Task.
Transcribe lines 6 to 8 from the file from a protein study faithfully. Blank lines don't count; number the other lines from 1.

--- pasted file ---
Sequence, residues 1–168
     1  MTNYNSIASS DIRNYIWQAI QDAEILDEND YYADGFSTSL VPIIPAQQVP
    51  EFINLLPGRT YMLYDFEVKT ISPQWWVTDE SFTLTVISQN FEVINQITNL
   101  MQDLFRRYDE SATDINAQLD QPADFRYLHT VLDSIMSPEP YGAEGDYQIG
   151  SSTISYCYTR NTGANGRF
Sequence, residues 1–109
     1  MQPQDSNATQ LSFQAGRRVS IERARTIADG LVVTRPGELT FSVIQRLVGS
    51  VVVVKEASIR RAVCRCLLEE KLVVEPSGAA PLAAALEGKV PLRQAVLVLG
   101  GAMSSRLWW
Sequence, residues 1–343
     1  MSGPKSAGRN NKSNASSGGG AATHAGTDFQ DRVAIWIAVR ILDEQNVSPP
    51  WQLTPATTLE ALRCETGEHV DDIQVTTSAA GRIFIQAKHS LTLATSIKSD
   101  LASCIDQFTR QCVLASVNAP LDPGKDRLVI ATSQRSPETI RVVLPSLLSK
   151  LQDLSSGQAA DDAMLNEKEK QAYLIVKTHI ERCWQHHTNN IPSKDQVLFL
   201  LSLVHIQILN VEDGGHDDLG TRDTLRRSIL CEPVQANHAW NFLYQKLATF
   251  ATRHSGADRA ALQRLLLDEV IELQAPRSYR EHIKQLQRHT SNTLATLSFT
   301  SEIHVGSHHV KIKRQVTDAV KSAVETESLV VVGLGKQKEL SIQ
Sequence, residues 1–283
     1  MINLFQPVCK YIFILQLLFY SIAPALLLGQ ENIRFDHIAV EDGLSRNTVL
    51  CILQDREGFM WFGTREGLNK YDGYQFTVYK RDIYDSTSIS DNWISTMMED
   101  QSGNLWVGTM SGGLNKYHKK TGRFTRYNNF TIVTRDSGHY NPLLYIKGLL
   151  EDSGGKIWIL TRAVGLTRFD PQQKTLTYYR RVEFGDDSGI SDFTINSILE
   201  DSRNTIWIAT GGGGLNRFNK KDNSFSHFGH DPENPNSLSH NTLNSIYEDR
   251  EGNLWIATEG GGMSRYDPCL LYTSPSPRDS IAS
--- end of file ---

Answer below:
Sequence, residues 1–109
     1  MQPQDSNATQ LSFQAGRRVS IERARTIADG LVVTRPGELT FSVIQRLVGS
    51  VVVVKEASIR RAVCRCLLEE KLVVEPSGAA PLAAALEGKV PLRQAVLVLG